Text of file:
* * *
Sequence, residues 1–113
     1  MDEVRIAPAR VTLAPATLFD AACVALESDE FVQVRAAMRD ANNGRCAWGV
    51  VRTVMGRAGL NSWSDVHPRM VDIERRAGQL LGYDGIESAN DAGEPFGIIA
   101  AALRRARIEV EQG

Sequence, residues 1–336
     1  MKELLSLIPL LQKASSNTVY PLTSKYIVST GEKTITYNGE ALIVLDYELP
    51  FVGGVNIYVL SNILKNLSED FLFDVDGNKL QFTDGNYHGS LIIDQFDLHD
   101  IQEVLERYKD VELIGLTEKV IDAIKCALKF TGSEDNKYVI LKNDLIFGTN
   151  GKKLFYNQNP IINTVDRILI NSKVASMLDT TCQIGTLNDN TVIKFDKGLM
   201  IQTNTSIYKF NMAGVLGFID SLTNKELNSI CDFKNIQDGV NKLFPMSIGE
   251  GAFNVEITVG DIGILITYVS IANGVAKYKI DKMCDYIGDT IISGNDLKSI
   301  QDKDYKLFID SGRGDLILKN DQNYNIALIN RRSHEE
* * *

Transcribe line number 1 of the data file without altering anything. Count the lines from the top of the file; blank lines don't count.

Sequence, residues 1–113